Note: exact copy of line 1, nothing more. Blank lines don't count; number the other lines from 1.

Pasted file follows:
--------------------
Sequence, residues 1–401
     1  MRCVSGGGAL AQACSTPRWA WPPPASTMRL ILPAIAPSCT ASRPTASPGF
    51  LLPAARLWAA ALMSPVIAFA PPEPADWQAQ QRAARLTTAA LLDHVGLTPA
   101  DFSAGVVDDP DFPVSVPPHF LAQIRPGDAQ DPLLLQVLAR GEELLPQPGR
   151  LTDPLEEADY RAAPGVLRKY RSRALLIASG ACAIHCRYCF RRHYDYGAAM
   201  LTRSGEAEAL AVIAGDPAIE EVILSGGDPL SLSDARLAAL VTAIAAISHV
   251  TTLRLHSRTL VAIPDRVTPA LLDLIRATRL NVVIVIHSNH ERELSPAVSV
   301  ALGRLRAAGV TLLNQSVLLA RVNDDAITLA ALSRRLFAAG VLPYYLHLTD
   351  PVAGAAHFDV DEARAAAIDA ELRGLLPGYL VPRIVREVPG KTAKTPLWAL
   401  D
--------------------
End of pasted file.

Sequence, residues 1–401